Over 20 Texas local governments hit in 'coordinated ransomware attack'

Infection blamed on Sodinokibi (REvil) ransomware strains.

texas flag

Twenty-three local Texas governments have been infected with ransomware last week in what Texas officials have described as a coordinated attack.

The attack took place on Friday morning, August 16, US time, when several smaller local Texas governments reported problems with accessing their data to the Texas Department of Information Resources (DIR).

DIR officials did not pubish a list of impacted local governments. On Friday, the agency couldn't provide an exact number of impacted entities, but a day later, DIR said the number is 23.

"It appears all entities that were actually or potentially impacted have been identified and notified," DIR said. "Responders are actively working with these entities to bring their systems back online."

The organization has been coordinating recovery efforts together with more than ten other Texas and US government agencies, such as the Texas Division of Emergency Management, the FBI, the DHS, the Texas Department of Public Safety, and others.

"At this time, the evidence gathered indicates the attacks came from one single threat actor," DIR officials said on Saturday.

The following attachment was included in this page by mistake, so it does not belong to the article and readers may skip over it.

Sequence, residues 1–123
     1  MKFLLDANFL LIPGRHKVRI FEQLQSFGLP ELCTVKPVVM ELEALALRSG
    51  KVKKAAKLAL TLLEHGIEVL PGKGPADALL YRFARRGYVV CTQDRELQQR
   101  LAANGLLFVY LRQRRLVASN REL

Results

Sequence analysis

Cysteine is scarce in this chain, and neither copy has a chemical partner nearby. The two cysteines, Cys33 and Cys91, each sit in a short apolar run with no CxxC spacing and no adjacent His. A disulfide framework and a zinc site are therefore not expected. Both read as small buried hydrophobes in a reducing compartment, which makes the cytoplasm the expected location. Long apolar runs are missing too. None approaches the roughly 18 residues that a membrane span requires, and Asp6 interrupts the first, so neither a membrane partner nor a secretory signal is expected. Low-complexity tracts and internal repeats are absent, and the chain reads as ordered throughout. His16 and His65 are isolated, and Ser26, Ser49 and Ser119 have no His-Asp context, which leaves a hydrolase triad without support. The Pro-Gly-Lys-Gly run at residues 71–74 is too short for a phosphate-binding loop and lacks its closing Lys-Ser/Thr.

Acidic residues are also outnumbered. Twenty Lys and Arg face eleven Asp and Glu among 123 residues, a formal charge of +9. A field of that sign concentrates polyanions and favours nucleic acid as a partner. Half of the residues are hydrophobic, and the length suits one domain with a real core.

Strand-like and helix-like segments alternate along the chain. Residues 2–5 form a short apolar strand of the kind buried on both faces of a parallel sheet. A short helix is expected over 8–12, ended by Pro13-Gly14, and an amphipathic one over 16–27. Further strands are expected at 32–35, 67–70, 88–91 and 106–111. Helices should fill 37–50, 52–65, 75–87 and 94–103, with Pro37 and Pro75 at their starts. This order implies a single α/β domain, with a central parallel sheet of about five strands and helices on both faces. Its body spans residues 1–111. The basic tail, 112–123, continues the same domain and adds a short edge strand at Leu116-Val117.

Sodinokibi ransomware blamed for incident

Initially, ZDNet learned from a local source that the ransomware that infected the networks of the 23 local Texas governments encrypted files and then added the .JSE extension at the end.

Reports about a mysterious ransomware using this tactic have been floating around since June 2017, continued throughout 2018, and new activity has been reported as recently as this month.

However, following the publication of an initial version of this artice describing the infection as being caused by a so-called JSE ransomware, ZDNet received more information from a more authoritative source that the ransomware responsible for the infections across the 23 local Texas governments was the more well-known Sodinokibi (REvil) ransomware strain.

The .JSE file extensions spotted on some infected systems were most likely the created by the Ostap trojan, as part as one of its self-replication features -- which can be easily confused with ransomware. Ostap is a known trojan that is used to distribute the TrickBot trojan, a malware strain often used nowadays to download and deploy ransomware on infected hosts.

Part of the trend

In recent months, US cities have been a prime target for ransomware gangs, with infections reported all over the US.

In July, the governor of Louisiana declared a state emergency after a similar coordinated ransomware attack hit several school districts.

Article updated on July 19, 4:50 pm, ET, with information from new sources that the incident has been caused by the Sodinokibi (REvil) ransomware.

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